The renovation of Tennessee football
February, 25, 2013
By Travis Haney | ESPN.com
KNOXVILLE, Tenn. -- The identifying color around here is not exactly a guarded secret. If you're from East Tennessee, you are somewhat-to-overtly obsessive about Pantone 151; if you're not, you loathe it to the point of nausea.
Orange is perpetually abundant on the University of Tennessee campus, and these days that's especially true. Traffic cones and barricades are a similar hue to the one that defines the school, and a number of them line the streets and adjacent construction sites.
Things are a mess. It's difficult to get around the various building projects. It doesn't particularly appear pleasing. So that's the downside.
The positive: There's a plan. Despite the setbacks and inconveniences, there's the promise that one day things will be improved.
You're smart. You probably already know where this is going. Butch Jones, hired Dec. 7 as the school's fourth football coach in five years, inherited a similar mess. But he is insistent that he has a plan and things will soon be restored, just as the campus construction continues around him. Pardon the dust. Tennessee football, the once-proud program, is under construction.
"There's renewed optimism. There's a vision," Jones told me earlier this month, sitting in his recently completed football office that seems as if it's been pulled from the pages of an IKEA catalog. "You're going to get consistency. You're going to get continuity. It's a chance to represent one of those most storied football programs in the country.
"I understand I'm the caretaker of Tennessee football. I'm fortunate to be here."
Speaking informally with some people at Tennessee, no one is in the business of bashing the most recent regime. But it's clear there has been a departure in attitude, something that was noticeable even during Jones' first days.
It's a matter of connection, really. And it's a matter of connecting in a variety of ways to a variety of people. It's the willingness to create a bridge to fans, alums with money, players, recruits, peers, former players and media members.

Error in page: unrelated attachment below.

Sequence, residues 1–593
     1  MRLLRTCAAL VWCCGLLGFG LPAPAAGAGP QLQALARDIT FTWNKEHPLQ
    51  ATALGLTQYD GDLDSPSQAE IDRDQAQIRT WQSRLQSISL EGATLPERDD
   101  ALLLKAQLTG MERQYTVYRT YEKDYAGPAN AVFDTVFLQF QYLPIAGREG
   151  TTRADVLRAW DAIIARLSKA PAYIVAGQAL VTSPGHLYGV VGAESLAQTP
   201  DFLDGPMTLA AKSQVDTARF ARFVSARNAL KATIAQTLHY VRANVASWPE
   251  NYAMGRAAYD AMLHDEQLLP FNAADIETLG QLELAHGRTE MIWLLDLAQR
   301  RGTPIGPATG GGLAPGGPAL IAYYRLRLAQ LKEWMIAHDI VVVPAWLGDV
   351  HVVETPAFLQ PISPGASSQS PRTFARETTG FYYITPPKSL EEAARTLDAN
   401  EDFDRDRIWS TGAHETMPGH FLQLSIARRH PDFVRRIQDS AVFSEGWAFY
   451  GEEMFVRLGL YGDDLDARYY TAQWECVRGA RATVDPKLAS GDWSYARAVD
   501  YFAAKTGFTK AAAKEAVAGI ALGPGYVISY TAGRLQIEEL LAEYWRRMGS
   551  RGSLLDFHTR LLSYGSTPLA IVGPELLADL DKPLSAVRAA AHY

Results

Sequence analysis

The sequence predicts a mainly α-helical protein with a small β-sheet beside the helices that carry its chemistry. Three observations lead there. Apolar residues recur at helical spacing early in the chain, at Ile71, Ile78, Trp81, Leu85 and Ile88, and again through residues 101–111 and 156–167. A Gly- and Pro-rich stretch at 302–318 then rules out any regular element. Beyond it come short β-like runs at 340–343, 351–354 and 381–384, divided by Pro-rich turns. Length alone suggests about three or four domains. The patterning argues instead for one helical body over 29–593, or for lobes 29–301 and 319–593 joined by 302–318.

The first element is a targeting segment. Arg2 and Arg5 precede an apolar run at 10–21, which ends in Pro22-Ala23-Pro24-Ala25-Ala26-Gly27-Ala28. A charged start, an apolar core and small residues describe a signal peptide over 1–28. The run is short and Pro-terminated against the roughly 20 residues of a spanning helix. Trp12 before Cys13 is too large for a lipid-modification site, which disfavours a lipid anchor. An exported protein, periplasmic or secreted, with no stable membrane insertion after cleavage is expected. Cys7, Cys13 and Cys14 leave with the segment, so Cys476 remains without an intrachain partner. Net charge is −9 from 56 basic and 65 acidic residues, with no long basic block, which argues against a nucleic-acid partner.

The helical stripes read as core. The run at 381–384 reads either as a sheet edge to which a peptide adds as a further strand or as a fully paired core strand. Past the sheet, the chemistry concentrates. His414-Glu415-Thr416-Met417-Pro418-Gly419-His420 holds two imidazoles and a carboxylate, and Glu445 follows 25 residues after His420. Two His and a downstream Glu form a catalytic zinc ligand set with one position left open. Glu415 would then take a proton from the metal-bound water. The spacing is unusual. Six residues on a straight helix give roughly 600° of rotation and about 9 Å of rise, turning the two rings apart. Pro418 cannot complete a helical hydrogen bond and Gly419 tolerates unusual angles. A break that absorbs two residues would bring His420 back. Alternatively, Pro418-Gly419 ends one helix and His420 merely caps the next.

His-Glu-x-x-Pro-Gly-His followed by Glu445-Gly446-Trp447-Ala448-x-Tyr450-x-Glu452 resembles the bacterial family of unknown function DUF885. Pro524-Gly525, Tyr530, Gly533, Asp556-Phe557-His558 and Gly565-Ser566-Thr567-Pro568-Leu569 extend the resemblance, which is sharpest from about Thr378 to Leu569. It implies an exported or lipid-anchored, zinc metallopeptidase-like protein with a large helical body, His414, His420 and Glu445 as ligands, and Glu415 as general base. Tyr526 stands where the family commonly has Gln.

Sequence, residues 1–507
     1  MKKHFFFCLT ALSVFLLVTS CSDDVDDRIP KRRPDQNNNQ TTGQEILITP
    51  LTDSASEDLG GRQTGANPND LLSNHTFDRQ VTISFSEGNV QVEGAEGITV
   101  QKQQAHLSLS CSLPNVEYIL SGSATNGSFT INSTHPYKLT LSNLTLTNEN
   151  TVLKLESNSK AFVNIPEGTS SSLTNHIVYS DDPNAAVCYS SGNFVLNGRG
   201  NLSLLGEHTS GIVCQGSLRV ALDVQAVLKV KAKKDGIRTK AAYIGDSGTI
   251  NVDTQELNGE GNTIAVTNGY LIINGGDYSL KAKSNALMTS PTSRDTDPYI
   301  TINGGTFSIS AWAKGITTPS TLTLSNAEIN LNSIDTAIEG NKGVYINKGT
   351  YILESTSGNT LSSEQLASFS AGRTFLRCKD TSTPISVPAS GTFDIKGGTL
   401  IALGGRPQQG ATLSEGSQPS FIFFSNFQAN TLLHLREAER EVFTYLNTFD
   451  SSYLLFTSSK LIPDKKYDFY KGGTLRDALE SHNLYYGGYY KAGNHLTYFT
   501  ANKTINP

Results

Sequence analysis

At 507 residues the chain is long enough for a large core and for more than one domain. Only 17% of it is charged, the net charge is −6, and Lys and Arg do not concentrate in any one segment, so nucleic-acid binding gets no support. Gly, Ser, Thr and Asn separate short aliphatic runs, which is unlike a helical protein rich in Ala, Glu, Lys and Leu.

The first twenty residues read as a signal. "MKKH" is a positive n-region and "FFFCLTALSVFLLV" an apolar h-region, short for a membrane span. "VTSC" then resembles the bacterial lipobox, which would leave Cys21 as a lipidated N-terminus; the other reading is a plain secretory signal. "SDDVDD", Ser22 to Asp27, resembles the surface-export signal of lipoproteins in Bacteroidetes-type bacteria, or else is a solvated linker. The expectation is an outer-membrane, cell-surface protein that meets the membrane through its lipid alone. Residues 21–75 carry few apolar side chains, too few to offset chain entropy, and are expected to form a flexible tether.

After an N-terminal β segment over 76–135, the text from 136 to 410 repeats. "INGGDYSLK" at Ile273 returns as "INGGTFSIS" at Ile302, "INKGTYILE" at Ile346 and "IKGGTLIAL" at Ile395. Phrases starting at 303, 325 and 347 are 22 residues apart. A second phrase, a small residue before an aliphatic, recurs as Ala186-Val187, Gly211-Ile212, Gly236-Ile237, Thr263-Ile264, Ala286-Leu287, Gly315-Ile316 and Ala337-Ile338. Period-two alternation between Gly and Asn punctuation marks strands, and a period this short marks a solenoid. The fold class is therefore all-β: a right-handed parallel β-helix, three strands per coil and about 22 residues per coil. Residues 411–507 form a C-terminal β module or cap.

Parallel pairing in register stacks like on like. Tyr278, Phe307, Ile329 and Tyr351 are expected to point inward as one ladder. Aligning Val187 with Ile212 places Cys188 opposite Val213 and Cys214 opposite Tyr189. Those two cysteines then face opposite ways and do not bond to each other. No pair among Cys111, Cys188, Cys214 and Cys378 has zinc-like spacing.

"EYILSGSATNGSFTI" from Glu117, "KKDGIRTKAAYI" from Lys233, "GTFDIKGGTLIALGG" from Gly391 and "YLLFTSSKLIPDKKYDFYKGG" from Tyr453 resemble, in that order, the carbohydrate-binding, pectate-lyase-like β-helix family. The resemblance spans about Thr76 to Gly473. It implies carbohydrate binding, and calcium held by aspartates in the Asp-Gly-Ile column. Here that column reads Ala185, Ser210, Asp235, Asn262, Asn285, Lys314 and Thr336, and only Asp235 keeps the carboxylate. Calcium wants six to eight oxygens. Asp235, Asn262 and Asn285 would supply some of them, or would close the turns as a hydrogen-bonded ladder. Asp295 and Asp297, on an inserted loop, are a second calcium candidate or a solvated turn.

Some head coaches get that and manage it well. Some do not. From the conversations I have had, and listening to him personally, Jones seems up for making those connections. The previous coach, Derek Dooley, often was not, at least not beyond necessity. Those close to the program indicated Dooley was mostly disinterested in doing anything other than coaching football, even though the modern job requirements extend well beyond that. (Some coaches, especially younger ones, do everything but coach, it seems.)
Jim Brown/US PresswireFew at Tennessee take shots at Derek Dooley, but they knew it was time for a new voice.
That isn't necessarily Dooley's fault if that's who he is; it does, however, become the burden of the person who hired him. That's among the reasons why Dave Hart is now the AD and Mike Hamilton is not. There was so much effort to "find the opposite" with Hamilton's hires, from the vanilla-but-methodical Phillip Fulmer to the flamboyant-but-boyish Lane Kiffin to the professional-but-controlling Dooley.
Those failures brought Hart to his first big hire at Tennessee. Hart arrived from Alabama in September 2011, with the pronounced dip already well under way. By the time he let Dooley go with one week left in the 2012 season, the Volunteers were guaranteed their fifth losing season in eight years after 16 consecutive winning seasons (13 under Fulmer).
"We've struggled. We've had five, six tough years," Hart told me last week, also reminding me that the school, in addition to three ADs and four football coaches, has had seven presidents since 2000. "We've had way too much transition. We've got to establish stability."
He sought that in Oklahoma State's Mike Gundy, but Gundy remained. He sought it in Louisville's Charlie Strong, but he stayed. Hart saw it in Jones, too. While Hart might have given chase to others, he hinted that Jones was never far off that pace.
Genuine is a word a number of different people used with me when describing Lyle Allen "Butch" Jones, the son of a small-town police chief in Michigan.
"That's part of his DNA," Hart said. "He's not faking it. The guy is like that every day of his life. He's got a lot of positive energy and it's contagious."
You've got to work to build those relationships every single day. We're going to recruit every single day. We have a great product, a great brand. ... Who wouldn't want to come to Tennessee? That's the way we look at it now.
-- Vols head coach Butch Jones